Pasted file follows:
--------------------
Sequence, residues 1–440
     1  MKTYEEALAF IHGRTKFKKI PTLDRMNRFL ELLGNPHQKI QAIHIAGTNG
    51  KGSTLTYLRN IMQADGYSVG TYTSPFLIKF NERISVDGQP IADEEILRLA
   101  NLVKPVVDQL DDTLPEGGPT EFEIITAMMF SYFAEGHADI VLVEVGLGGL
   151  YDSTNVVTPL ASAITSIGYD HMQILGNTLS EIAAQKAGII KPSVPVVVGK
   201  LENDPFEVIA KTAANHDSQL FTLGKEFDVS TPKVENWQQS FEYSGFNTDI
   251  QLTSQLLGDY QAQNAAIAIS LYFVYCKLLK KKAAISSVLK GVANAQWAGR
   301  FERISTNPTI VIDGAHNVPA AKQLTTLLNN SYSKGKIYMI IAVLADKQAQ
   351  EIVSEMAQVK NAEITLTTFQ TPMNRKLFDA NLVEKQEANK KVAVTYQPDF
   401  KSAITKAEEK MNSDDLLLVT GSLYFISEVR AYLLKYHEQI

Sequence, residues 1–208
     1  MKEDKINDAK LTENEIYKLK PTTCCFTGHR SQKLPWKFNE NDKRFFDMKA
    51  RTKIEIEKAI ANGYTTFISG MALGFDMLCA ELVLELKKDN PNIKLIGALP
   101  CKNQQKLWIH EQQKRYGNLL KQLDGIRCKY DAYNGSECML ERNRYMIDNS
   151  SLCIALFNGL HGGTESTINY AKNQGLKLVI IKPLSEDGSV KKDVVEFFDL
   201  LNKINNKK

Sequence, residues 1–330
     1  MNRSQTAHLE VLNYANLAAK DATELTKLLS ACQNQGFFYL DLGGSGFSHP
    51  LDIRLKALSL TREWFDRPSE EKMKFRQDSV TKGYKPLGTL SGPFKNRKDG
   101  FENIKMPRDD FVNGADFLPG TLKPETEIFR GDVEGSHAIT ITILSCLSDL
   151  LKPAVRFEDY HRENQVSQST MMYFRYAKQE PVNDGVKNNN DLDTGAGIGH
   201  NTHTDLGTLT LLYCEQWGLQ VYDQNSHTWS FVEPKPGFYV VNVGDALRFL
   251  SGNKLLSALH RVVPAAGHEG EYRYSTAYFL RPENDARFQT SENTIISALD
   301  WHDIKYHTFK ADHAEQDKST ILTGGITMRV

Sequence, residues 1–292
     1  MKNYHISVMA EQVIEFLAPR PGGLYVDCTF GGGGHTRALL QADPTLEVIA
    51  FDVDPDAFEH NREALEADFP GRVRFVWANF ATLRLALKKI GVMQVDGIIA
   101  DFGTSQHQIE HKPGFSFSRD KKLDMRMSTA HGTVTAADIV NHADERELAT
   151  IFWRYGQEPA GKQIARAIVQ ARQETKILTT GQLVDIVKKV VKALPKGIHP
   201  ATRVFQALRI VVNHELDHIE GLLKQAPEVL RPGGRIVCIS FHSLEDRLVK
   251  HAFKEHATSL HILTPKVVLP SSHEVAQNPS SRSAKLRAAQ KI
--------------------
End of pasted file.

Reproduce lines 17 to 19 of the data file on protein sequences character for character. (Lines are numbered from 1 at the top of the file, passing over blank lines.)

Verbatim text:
Sequence, residues 1–330
     1  MNRSQTAHLE VLNYANLAAK DATELTKLLS ACQNQGFFYL DLGGSGFSHP
    51  LDIRLKALSL TREWFDRPSE EKMKFRQDSV TKGYKPLGTL SGPFKNRKDG